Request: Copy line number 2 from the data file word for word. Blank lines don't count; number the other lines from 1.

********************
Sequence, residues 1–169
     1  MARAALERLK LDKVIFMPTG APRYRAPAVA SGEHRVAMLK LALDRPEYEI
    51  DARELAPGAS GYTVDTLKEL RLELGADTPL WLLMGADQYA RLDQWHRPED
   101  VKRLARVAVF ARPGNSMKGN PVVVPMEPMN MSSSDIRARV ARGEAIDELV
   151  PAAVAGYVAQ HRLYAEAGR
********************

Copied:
     1  MARAALERLK LDKVIFMPTG APRYRAPAVA SGEHRVAMLK LALDRPEYEI